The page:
When deciding whether a renter needs to participate in the courtyard’s eiruv, the Mishna (85b) teaches that as long as the owner retains the right to enter the apartment to take what belongs to him, the renter is considered part of the owner’s household and does not need to contribute separately to the eiruv. As an example, the Gemara points to the case of Bonyas – someone so rich that his possessions were stored in the apartments that he rented out to others.
This story leads the Gemara to discuss the respect that various sages showed to wealthy people, based on the passage in Tehillim (61:8) – “May he be enthroned before God forever; appoint mercy and truth, that they may preserve him” – which is understood to mean that rich people who are able to offer food and support to others deserve to be honored.
This derasha is explained in a number of different ways by the commentaries. Some say that the wealthy people deserve respect because their charity and generosity support the world. The Aruk suggests that the very fact that they are wealthy is an indication that they are being rewarded for their good deeds and compassion, so they are clearly deserving of honor. Rabbi Tzvi Hirsch Chajes explains that it would be impossible for those people who are devoted to Torah study to sit “before God” and learn were it not for the wealthy people who are involved in the practical aspects of the commandments and community needs. The Maharsha argues that “before God” in this passage means “before the sages of the generation,” and what is being suggested is that the generosity of the wealthy people allows them to sit before the Sages.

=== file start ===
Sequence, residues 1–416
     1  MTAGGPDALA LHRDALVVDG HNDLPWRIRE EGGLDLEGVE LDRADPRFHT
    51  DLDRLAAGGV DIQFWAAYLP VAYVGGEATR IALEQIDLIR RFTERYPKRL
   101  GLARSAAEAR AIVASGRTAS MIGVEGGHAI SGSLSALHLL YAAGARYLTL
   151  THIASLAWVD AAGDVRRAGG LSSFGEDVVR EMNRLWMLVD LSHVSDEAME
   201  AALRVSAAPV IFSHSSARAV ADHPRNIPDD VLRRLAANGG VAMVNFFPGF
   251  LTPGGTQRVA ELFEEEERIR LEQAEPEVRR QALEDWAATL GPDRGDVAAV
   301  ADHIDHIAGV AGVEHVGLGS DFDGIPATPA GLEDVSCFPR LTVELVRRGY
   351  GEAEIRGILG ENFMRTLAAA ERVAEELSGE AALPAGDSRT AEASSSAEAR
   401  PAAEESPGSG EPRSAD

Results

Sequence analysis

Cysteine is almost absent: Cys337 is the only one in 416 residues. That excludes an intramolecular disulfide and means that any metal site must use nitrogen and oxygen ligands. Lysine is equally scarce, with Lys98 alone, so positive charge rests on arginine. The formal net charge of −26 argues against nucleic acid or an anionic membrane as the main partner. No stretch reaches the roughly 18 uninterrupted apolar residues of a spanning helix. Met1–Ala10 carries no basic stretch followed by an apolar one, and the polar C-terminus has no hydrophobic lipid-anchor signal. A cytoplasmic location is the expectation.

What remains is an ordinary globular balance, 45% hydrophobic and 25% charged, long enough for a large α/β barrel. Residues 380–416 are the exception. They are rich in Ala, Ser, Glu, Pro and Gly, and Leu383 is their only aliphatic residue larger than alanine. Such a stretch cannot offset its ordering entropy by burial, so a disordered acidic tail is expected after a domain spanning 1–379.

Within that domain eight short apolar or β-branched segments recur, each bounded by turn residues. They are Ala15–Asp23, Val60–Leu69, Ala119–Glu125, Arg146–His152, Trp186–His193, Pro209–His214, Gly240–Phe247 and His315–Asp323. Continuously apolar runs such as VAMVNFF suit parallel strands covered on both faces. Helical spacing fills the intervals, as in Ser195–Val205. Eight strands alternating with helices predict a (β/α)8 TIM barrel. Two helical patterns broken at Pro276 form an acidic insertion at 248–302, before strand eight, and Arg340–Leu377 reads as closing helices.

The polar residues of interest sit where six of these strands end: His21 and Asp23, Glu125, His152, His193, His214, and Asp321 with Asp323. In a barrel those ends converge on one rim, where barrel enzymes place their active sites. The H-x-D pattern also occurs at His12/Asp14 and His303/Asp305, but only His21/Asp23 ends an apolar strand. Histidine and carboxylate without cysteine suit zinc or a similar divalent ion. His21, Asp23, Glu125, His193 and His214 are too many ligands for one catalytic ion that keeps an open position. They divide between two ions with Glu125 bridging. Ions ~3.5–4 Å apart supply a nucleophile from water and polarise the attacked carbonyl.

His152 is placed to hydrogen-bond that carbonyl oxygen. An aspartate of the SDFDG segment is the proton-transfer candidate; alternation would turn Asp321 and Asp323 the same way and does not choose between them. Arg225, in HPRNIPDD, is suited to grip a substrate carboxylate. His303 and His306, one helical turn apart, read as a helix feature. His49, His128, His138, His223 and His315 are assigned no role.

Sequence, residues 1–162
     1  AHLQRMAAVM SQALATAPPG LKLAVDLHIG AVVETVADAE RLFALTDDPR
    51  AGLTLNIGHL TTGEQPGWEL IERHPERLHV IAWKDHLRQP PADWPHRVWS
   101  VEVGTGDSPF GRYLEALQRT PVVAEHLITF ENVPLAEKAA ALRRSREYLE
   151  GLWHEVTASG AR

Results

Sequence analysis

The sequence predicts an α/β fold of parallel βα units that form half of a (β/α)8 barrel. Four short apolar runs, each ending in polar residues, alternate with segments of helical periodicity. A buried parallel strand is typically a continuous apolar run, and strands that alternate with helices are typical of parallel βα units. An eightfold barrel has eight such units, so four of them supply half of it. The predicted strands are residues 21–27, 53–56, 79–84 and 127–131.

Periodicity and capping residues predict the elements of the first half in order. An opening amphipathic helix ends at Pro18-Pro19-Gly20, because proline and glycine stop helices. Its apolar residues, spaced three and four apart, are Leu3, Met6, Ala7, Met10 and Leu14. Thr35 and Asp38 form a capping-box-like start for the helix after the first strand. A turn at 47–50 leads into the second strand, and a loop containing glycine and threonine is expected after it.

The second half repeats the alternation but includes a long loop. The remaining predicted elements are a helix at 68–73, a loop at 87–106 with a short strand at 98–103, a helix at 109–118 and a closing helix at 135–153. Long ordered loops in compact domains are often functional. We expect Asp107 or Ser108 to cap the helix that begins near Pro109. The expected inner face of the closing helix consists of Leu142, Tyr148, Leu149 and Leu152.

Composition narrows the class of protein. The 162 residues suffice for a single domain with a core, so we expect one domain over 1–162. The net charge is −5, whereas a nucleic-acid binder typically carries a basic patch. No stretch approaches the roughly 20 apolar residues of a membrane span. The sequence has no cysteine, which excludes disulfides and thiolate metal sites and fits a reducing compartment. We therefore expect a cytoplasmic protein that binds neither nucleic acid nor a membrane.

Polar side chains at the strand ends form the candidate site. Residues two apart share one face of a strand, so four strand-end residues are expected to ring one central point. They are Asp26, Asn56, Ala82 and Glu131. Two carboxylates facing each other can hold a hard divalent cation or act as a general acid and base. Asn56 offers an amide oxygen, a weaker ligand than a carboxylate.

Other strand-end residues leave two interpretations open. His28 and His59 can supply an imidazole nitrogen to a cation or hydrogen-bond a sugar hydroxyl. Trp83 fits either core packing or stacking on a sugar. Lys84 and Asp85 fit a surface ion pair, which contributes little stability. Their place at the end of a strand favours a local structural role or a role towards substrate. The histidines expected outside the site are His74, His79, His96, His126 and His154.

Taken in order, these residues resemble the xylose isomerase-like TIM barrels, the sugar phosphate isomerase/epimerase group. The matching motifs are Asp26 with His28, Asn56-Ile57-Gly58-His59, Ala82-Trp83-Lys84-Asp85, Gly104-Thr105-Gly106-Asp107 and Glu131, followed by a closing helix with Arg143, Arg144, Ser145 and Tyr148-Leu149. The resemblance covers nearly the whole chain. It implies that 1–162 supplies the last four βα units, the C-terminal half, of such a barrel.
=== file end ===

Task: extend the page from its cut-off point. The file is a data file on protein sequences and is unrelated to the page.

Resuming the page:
In a homiletical vein, the Maharil suggests that Rebbi and Rabbi Akiva – the Sages who honored the wealthy people – did so in order that, when the honor was reciprocated, the respect that they received would be due to their own wealth and not because of their Torah knowledge, since they did not want to derive any personal benefit from the honor that truly belongs to the Torah.